First, the French proposal – as were many earlier unofficial proposals – is overwhelmingly focused on economics. Flip-flopping between a political and economic focus has long been the EU's response to failing policies in the Balkans, while ignoring the reasons for such failures: all rooted in a lack of insistence on political accountability and direct civic engagement based on EU foundational values.

But this is particularly remarkable following the EU's belated recognition of state capture being a widespread phenomenon among candidate and aspirant countries.

These countries' politics have always revolved around dominating the economic sphere, formal and informal. Tellingly, the terms "state capture" and "corruption" are absent from the French proposal.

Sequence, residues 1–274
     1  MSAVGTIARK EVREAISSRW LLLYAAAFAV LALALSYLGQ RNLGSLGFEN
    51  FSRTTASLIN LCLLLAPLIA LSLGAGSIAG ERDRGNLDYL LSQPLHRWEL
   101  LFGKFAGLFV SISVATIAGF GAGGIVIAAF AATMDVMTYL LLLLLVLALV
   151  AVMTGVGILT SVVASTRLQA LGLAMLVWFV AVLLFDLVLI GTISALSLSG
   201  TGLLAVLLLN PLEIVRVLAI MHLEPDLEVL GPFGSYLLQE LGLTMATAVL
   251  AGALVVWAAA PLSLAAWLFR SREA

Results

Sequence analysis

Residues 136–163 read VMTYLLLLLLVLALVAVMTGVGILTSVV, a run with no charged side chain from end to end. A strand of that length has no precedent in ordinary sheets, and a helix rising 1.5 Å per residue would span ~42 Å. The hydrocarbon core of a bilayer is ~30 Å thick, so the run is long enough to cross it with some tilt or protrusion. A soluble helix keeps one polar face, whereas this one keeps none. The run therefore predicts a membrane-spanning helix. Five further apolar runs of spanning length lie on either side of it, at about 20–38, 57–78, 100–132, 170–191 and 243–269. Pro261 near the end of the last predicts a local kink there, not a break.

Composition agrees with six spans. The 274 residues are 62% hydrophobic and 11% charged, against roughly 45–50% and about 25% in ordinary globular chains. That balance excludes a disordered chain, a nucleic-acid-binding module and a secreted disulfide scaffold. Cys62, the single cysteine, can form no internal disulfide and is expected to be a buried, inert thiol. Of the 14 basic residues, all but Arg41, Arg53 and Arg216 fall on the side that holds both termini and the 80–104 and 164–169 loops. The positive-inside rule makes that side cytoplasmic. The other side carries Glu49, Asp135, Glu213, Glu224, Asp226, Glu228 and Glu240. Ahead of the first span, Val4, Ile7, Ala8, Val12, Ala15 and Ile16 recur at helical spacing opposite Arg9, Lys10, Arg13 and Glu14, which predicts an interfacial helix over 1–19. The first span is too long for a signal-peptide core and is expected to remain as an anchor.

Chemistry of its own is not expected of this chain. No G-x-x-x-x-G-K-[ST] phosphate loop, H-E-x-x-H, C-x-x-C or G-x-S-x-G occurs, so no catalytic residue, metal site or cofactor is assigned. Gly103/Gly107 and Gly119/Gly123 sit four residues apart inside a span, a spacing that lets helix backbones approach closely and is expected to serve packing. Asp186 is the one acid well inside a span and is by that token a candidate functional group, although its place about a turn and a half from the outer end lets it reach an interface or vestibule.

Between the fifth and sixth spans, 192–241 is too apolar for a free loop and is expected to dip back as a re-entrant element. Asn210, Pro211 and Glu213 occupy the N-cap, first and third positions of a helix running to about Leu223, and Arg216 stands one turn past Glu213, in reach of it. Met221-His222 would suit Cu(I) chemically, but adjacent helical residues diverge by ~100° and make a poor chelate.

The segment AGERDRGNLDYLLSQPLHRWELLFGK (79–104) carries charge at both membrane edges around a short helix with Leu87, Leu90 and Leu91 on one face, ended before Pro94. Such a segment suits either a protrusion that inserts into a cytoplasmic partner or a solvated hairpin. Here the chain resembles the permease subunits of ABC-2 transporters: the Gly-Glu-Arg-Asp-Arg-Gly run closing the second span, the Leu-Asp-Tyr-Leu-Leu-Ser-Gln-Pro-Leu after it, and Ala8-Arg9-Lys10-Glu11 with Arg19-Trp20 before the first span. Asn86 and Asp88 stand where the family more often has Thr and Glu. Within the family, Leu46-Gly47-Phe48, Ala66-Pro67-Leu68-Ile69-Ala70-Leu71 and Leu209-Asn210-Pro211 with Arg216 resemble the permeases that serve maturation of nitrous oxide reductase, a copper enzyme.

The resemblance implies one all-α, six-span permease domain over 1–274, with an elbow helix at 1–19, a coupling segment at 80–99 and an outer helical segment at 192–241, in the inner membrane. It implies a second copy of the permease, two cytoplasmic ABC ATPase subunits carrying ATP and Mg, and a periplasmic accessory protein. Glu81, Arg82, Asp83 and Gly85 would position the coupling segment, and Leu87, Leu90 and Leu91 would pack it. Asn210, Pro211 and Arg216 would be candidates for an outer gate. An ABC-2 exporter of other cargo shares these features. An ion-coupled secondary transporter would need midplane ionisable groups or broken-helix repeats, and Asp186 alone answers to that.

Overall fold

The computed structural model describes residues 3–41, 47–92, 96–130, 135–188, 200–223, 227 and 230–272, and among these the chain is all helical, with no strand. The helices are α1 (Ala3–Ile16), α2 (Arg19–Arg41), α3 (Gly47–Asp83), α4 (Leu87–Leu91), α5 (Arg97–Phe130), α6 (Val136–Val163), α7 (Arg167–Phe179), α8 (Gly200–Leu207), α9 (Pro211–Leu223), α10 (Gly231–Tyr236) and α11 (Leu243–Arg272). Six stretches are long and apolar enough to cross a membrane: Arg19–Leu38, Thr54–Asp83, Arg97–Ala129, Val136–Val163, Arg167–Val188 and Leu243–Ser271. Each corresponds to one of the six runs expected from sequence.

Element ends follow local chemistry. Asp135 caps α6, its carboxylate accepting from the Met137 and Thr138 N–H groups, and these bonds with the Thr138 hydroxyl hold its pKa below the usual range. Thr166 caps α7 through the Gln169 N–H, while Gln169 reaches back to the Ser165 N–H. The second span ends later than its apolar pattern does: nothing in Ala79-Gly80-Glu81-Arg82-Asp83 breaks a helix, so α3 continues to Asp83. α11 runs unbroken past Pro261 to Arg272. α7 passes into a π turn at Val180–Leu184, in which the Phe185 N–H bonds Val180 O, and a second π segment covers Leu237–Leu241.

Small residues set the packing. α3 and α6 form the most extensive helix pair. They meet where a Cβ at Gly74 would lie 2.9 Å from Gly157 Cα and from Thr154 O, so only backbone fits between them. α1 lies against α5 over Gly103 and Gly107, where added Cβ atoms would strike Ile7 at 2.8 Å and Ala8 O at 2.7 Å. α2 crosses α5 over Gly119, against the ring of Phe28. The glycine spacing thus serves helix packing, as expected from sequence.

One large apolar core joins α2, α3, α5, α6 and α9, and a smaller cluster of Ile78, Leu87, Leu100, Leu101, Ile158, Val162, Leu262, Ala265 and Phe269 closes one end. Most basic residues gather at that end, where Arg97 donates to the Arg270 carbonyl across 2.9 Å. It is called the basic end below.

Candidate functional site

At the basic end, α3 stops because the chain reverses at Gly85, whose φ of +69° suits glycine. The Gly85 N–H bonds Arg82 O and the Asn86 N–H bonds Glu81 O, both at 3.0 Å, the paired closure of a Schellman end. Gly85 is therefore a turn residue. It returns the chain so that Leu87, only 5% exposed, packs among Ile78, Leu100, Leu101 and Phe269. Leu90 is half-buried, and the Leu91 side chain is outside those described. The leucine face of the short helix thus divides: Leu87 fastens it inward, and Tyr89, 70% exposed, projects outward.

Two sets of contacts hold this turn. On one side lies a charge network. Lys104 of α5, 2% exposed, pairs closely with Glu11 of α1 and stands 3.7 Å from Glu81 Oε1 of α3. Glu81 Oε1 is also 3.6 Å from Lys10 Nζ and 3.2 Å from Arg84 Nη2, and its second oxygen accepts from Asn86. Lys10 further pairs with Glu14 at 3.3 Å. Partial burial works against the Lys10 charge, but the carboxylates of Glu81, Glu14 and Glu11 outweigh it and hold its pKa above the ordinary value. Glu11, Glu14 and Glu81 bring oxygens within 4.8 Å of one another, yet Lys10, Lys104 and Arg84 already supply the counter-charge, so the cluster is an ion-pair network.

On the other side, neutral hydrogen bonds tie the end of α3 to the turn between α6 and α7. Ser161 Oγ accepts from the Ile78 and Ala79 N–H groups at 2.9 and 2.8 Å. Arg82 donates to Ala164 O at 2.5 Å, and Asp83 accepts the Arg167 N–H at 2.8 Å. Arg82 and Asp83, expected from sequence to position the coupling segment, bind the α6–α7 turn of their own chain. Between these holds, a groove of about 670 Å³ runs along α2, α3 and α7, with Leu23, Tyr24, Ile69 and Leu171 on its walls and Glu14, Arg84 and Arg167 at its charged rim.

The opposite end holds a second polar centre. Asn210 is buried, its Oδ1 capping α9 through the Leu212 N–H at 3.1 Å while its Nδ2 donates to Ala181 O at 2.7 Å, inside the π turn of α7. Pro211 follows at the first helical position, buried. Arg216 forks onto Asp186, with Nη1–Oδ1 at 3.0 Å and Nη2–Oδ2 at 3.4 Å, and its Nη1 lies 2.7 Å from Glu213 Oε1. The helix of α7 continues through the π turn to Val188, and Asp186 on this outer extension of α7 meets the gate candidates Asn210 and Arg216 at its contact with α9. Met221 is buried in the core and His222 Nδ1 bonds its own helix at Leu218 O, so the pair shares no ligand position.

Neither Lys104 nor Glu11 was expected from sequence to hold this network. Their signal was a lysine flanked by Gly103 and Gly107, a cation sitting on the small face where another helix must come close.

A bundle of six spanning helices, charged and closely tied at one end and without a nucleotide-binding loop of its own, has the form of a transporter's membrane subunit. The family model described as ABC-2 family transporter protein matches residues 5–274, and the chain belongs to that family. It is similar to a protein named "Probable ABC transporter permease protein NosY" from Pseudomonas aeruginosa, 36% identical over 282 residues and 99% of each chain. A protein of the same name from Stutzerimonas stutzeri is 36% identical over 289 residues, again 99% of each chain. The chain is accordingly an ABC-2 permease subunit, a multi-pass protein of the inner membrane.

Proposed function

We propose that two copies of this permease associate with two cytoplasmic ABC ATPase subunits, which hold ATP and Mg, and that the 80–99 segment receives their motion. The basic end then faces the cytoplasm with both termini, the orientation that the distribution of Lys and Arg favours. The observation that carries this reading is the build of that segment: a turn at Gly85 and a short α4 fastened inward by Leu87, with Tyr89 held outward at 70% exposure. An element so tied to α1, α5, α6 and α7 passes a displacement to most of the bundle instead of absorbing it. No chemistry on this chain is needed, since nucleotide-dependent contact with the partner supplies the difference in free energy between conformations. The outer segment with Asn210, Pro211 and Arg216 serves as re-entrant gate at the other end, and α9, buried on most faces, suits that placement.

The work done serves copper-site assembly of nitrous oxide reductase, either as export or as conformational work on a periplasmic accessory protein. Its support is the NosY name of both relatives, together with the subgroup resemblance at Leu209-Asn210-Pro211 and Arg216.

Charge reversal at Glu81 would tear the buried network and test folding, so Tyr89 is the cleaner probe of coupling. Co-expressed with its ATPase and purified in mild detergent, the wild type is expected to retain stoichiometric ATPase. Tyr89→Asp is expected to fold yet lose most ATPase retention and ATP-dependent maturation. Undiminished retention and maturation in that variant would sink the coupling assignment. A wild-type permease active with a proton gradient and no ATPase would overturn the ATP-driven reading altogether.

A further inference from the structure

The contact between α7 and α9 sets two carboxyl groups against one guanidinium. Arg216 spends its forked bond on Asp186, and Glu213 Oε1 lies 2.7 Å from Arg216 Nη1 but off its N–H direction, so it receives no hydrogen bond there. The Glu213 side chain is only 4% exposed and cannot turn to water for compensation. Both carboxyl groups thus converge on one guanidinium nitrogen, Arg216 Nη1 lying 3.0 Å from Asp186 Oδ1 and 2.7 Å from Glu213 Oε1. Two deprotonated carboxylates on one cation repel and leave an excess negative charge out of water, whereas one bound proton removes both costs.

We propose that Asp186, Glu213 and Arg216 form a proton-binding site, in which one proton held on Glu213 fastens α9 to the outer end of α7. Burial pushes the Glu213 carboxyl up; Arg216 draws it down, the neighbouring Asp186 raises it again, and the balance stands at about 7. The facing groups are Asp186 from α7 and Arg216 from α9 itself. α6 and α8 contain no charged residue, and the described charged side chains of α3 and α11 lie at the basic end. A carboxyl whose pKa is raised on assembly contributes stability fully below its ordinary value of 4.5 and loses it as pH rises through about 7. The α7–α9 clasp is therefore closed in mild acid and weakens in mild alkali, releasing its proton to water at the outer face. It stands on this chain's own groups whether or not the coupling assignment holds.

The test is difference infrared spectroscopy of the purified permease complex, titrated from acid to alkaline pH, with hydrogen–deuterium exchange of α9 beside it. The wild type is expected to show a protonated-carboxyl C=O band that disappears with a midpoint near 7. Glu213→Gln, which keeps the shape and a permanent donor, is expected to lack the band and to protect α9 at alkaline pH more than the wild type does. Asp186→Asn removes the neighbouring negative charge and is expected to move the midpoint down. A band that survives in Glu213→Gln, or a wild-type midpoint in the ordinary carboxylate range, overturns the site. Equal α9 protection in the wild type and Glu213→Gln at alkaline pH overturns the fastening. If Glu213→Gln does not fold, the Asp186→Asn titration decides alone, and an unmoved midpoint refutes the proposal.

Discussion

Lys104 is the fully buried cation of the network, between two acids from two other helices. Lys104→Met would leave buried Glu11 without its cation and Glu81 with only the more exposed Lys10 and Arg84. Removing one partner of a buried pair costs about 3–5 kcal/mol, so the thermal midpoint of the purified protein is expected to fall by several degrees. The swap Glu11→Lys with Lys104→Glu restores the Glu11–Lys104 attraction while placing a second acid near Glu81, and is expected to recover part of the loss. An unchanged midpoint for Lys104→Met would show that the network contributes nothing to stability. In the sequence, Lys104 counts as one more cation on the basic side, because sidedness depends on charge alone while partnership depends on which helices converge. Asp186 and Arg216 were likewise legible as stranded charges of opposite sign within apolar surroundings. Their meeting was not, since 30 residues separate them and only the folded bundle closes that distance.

Where's the democracy?

Perhaps most importantly, the proposal makes no mention of liberal values, freedoms, democracy, or political accountability. Advocates of these foundational concepts in the Western Balkans will find themselves on even shakier ground should the French proposal or a derivative thereof be adopted as the EU's policy.

The EU has long since largely accepted – and often reinforced – the dominance of a for-profit, illiberal political class, who are still allegedly "partners" in reform. Therefore, the proposal's lament of a lack of transformation rings hollow. When did the EU ever make transformation its overarching priority?

Increased transfusions of money are offered as social sedatives, easing the pain of exclusion for the foreseeable future from the EU.